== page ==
top of page
  • Writer's pictureAndy Fortuna

How to breath during meditation and Qigong

One of the biggest struggles early on in my Qigong practice was the breath-work. It was very difficult to synchronize meditation, movement, and breathing all at the same time. In this blog I will teach you how I was able to put it altogether.

One mInd, one breath

In Chinese martial arts they have saying that says, Yi leads to Qi .Yi is referring to a clear mind and intention which leads to the building and controlling of energy (Qi). Its important to set your intentions within your practice to regulate your thoughts to focus on relaxing your physical body and concentrating on your breath.

It is also said that breathing and the mind are interdependent. So slowing down and relaxing one, will in turn do the same for the other. It is through relaxation where you are able to optimize energy flow and the connection to your muscles that control your breathing.


The most common breathing technique is diaphragmatic breathing or belly breathing. This is when the lower abdomen (belly) is expanded on the inhale and slowly retracted on the exhale. There are few key points to remember when using this technique:

  • Calm and Silent: Breathe as quiet as you can to allow for better regulation of your mind and the slowing down of your thoughts.

  • Small steady stream: Focus on a small steady flow of air like a thin stream of water.

  • Dont inhale or exhale to full capacity: Inhale and exhale only about 70% to 80% to reduce the likelihood of chest breathing and the tensing of surrounding muscles that will restrict breathing.

  • Long but dont hold: Focus on keeping inhale and exhale as long as possible but without holding your breath

  • Continuous flow: Allow your breathing to be natural and continuous throughout in order to minimize the tensing of the body

  • Uniform and smooth : regulate your mind and thoughts to achieve a uniform and smooth breath without interruption.

  • Slow and natural: Slow down your mind and breath naturally. Make sure not to rush your breathing or the meditation.

  • Soft and deep : Soft breathing leads you to a deeper and more relaxed meditation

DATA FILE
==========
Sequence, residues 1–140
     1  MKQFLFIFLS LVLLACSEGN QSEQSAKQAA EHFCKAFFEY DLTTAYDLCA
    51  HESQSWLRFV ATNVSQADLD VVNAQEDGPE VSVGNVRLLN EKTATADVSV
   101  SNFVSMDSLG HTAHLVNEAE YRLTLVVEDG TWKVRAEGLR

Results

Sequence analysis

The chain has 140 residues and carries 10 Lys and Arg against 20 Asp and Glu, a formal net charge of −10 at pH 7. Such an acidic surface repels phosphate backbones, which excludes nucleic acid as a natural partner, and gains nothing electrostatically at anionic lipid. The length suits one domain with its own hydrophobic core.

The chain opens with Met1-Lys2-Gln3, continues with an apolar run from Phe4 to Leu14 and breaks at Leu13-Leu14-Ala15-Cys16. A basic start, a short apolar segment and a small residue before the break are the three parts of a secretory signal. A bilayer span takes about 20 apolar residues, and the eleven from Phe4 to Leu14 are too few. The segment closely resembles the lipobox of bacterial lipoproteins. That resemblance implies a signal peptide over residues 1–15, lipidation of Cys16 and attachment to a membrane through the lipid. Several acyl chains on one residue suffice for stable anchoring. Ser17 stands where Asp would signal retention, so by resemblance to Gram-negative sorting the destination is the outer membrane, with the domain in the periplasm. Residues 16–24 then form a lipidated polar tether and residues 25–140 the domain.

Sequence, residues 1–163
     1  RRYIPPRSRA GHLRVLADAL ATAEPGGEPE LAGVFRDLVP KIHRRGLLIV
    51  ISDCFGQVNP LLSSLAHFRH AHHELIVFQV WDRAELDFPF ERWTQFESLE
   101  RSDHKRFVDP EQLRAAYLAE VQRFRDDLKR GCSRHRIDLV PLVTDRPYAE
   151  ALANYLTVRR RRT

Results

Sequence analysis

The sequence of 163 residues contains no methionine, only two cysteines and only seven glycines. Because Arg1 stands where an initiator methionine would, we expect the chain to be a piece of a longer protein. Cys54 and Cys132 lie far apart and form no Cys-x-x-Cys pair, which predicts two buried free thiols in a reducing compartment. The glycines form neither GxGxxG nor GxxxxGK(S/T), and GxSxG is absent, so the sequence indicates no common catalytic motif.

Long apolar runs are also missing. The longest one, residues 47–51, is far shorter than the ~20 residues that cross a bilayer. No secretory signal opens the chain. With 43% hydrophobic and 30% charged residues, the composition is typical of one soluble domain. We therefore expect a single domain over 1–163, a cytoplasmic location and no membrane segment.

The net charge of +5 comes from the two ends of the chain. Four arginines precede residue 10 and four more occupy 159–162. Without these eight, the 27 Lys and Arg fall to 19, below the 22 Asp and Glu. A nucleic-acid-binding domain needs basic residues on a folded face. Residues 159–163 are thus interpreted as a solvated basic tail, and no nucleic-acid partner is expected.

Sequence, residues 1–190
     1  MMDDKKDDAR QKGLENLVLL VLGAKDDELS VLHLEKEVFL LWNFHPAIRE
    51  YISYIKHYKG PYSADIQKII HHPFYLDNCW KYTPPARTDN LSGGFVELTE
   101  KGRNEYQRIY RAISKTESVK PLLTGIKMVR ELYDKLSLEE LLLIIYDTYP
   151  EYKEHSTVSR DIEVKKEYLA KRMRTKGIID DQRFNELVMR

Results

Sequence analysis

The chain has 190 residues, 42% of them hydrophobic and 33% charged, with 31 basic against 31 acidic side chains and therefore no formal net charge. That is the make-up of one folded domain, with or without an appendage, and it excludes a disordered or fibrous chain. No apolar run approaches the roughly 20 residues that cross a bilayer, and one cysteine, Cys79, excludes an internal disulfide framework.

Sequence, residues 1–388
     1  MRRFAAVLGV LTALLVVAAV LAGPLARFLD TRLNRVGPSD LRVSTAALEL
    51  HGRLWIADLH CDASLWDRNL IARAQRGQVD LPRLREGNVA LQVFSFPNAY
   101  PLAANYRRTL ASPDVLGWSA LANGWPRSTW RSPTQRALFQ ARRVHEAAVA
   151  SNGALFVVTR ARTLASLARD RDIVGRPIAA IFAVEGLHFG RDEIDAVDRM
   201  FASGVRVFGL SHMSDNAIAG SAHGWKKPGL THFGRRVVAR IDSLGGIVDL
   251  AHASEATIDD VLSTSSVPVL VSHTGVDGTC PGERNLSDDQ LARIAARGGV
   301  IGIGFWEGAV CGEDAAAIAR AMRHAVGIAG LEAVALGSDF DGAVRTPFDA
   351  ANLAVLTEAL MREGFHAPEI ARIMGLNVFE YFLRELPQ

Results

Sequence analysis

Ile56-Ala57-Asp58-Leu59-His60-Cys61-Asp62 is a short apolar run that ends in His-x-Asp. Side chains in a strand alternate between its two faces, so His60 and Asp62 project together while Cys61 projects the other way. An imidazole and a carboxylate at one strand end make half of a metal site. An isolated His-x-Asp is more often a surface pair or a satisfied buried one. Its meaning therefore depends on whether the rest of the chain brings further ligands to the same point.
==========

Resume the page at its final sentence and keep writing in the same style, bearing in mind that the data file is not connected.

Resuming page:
Now, although this technique can be easily practiced, that doesn't mean it is easily mastered. When done correctly, diaphragmatic breathing should be soft, smooth, and long. Most adults are use to chest breathing or shallow breathing which makes it more difficult to learn this belly breathing pattern.

Ive been practicing consistently for over 6 and half months 3-5 times a week and there are days where my breathing is not perfect, but most days I see improvement. It took me , more or less, 3 months to connect with my breathing to the point where it was consistently smooth. Before that time, I would often lose rhythm, lose focus, run out of air, or feel as if I was breathing through a straw.

It is difficult at first to synchronize, but with time and diligent practice you will get there.


Through my practice there are few ways that I have been able to simplify my application of abdominal breathing and energy building that I use in Qigong. I have categorized them by position and intention.


  • Stationary: standing still in the traditional Wu Ji or standing posture and leading the breath and energy into specific areas such as hands, arms, feet, and skin

  • Dynamic : Coordinating the movement of hands and legs with your breathing to lead the energy where you want.


  • Tonifying : intentionally gathering and leading energy to nourish the body and specific areas with your breathing and visualization

  • Dispersing : intentionally moving and leading energy within the body to clear stagnation and accumulation out of specific areas with breathing and visualization


There are many possible benefits to incorporating a meditative practice like Qigong. Among them are:

  • Stress Reduction

  • Reduced Blood Pressure

  • Increased Lung Efficiency

  • Muscular Relaxation

  • Mental Clarity and Focus

  • Immunity Boost

Ultimately with consistent practice, you have the opportunity to learn how to regulate your mind, connect with your breath, and build longterm health.


The Root of Chinese Qigong: Secrets of Health, Longevity, & Enlightenment by Dr. Jwing-Ming Yang Ph.D.

1 view0 comments

Recent Posts

See All
bottom of page